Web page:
The idea behind silos can be condensed into, “All diseases are bad, but mine is worse and that’s why you need to pay attention to me.” It leads to the creation and defense of personal, organizational and political turf that weakens the ability to form broad-based coalitions.
Silos are largely built on misplaced and fragile foundations. And when patient advocacy is built on these underpinnings, silos become hardened and their actions are ultimately counterproductive.
So, knowing about silos, is it important for the general public to know what myeloma is? Does a disease become more relevant because it is associated with celebrity? More to the point, do we, as citizens, really want attention to common interests, needs and causes to be dependent on celebrities?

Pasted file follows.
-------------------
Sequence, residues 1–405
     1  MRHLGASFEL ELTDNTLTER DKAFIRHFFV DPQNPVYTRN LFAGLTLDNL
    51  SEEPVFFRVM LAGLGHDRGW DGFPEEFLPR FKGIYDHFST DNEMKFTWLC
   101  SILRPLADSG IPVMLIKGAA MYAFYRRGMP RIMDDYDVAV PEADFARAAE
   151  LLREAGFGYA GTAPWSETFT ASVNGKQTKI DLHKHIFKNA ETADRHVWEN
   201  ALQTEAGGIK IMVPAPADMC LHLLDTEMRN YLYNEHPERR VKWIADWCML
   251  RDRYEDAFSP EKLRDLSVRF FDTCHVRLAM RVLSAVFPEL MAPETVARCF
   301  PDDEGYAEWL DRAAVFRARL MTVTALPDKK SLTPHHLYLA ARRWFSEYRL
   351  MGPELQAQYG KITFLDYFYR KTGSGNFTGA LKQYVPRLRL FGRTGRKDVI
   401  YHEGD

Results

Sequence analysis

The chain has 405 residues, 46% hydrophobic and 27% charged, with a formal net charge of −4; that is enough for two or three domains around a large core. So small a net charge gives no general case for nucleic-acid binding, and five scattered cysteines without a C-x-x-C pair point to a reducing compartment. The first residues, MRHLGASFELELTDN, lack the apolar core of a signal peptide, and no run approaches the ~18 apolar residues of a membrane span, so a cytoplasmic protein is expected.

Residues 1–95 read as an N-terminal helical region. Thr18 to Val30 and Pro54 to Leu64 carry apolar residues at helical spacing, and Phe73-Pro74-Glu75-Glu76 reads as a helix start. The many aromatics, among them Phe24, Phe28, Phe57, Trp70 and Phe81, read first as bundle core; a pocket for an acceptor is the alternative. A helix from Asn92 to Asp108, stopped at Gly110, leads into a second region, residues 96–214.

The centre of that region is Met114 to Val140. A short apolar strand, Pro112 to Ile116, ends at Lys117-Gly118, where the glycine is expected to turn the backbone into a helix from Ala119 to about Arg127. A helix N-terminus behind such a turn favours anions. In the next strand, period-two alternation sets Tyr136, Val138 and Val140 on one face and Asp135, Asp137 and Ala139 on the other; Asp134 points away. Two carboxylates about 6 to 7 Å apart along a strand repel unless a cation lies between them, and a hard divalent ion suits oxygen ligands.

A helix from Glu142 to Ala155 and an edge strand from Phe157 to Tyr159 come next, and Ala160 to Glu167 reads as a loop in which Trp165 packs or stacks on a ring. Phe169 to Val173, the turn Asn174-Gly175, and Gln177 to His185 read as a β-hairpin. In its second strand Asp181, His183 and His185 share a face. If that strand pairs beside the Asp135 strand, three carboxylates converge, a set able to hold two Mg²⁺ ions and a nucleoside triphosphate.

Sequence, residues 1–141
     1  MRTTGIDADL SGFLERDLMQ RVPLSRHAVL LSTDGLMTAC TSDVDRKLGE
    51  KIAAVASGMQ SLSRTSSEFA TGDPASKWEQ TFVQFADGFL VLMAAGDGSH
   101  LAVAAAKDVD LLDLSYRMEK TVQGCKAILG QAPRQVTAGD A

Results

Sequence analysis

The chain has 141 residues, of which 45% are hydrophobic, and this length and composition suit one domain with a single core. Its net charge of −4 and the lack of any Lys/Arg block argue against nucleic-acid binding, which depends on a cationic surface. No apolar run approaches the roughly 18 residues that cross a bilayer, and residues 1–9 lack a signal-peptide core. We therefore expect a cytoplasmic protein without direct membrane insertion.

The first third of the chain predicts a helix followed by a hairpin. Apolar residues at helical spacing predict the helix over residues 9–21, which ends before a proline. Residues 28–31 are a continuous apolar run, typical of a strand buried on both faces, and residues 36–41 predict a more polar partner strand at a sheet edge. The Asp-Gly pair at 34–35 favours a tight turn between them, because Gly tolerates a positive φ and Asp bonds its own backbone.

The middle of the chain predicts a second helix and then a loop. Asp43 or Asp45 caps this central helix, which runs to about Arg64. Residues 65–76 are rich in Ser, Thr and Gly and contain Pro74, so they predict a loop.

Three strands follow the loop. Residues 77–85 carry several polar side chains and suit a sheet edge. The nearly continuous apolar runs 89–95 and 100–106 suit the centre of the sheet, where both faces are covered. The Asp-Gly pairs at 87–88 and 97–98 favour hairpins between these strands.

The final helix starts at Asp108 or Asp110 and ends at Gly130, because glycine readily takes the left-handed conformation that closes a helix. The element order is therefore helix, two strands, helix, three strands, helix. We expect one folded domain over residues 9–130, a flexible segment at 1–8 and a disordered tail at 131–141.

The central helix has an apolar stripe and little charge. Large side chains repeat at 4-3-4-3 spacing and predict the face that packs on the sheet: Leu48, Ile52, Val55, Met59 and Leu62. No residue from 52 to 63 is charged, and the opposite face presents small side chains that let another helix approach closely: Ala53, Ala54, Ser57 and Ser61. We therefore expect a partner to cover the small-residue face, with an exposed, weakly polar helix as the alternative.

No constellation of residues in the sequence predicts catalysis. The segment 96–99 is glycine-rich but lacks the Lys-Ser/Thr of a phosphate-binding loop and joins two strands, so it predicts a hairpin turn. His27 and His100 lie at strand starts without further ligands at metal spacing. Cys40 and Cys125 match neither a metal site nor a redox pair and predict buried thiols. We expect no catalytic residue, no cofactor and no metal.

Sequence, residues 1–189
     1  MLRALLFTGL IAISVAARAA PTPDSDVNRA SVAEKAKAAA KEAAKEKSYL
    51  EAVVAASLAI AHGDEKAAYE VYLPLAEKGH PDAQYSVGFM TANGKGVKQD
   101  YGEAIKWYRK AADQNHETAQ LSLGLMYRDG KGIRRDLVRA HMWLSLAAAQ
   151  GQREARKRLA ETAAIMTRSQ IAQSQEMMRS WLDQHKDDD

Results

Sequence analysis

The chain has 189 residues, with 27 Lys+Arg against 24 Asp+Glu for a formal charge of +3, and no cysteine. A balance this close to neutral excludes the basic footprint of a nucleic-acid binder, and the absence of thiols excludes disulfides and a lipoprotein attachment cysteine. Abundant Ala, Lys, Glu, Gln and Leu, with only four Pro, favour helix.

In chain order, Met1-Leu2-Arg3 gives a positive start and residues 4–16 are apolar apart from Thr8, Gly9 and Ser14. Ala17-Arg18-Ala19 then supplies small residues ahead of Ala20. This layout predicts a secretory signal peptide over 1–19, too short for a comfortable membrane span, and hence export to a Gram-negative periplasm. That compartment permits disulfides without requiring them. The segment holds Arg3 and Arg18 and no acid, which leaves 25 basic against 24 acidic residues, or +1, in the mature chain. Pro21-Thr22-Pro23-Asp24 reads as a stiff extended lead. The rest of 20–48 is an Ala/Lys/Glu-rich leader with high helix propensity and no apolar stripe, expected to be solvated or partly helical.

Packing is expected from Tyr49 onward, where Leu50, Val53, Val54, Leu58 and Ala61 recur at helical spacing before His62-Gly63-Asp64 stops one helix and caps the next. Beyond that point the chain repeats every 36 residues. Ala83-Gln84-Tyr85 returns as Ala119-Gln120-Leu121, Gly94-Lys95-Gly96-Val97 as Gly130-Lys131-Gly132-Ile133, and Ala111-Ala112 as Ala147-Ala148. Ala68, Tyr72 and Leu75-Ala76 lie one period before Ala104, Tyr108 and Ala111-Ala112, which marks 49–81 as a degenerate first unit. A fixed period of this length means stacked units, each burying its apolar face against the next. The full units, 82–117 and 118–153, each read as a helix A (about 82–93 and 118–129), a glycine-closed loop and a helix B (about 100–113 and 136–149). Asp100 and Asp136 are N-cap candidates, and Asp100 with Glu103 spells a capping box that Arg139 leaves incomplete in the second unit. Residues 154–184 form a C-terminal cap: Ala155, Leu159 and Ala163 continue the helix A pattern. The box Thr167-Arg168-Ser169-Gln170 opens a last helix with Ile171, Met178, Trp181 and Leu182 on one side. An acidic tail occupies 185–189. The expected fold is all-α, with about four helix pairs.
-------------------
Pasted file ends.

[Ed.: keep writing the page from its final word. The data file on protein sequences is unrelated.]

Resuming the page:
I would argue that it should not. Too much of our public discourse is skewed by celebrity-driven stories. And is this really the best, most productive or fair way to raise awareness or prioritize decision making? If not, how can we tap into the reality that celebrities will raise awareness and use it to break down silos and achieve broad public interest in common goals?
Processes should be in place to support every American in any disease they may have to confront. And it is more important that public opinion and resources are directed to assist and give them hope, through research and medical care, regardless of disease or disability.
The challenge ahead will be to turn the short-term optimism created by Tom Brokaw’s story into a better, wider world of hope that includes the myeloma community, not just focusing on it.
Greg, I think most in the cancer community are working from the successful breast cancer awareness and research model. It does create an “us against them” mentality. Pink ribbons suck up most of the oxygen–and a lot of the money–in the room.
I appreciate your global perspectiveWelcome aboard!
Feel good and keep smiling! Pat